Multimedia countdown: 100-days to the 100th anniversary of the WWI armistice

Tuesday, November 6, 2018 –

Race to Sedan, France – After 42 punishing, deadly days of fighting American troops finally gained the upper hand against the Germans in early November 1918 in the Battle of the Meuse-Argonne. There, more than 1.2 million U.S. troops fought the largest American battle ever. It was bigger than the World War II Battle of the Bulge (500,000 U.S. soldiers), or the WWII Normandy Invasion in which 156,000 Americans participated.

U.S. troops fighting in the WWI Battle of the Meuse-Argonne in France. Photo: Library of Congress.

By the Meuse-Argonne battle’s end, 26,277 Americans were killed and 95,786 wounded.  The final American objective of World War I was the rugged region around French town of Sedan. It was a final furious U.S. push to cut off the entire German 2nd Army and sever the enemy railroads that supplied and transported German troops.

Sedan was also an important objective for the French. It had been the site of a major French defeat by the Germans during the Franco Prussian War. For those reasons, Sedan was targeted for recapture by the Fourth French Army.

American Expeditionary Forces commander, General John J. Pershing wrote about Sedan in his diary on November the 5th and his desire to see General Theodore Dickman’s U.S. Army’s I Corps be the first U.S. troops to free Sedan.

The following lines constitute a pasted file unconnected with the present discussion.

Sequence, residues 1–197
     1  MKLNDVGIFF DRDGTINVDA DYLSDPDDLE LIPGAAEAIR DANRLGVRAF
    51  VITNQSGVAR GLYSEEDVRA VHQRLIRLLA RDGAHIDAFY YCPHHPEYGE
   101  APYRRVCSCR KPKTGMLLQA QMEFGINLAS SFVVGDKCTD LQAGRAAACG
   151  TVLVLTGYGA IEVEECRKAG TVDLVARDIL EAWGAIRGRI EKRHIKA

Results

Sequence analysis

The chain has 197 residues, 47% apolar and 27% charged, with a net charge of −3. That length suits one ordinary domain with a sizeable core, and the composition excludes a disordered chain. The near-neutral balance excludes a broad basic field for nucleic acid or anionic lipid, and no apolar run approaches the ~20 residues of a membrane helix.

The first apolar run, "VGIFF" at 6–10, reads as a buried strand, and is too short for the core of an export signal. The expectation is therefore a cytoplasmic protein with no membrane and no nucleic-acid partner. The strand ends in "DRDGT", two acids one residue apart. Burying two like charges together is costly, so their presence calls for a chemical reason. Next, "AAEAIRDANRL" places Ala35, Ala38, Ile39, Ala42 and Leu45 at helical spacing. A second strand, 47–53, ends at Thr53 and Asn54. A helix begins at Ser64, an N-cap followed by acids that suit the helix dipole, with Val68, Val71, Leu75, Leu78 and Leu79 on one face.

Nov 5

After almost a month-and-a-half of fighting, U.S. troops had finally forced the Germans from the trenches. The doughboys were now chasing them into a hasty retreat back toward the Meuse River and into Germany.

On November 6, General Pershing’s diary showed his desire for U.S. troops to beat French troops to Sedan. He suggested French General Paul Maistre, whose troops were fighting on the right flank of the American troops, would approve.

Nov 6

General Dickman would have other Allied competition in the glory race to free Sedan of its 4-year German occupation. 1st Division commander General Charles Summerall also ordered his troops to be the first to recapture Sedan. Soon they crossed into the advance line of Dickman’s I Corps troops. In the ensuing chaos, the U.S. troops opened fire on each other. A furious General Dickman called for General Summerall to be court-martialed. Cooler heads ultimately prevailed. The May 1922 edition of the Saturday Evening Post finishes this post.



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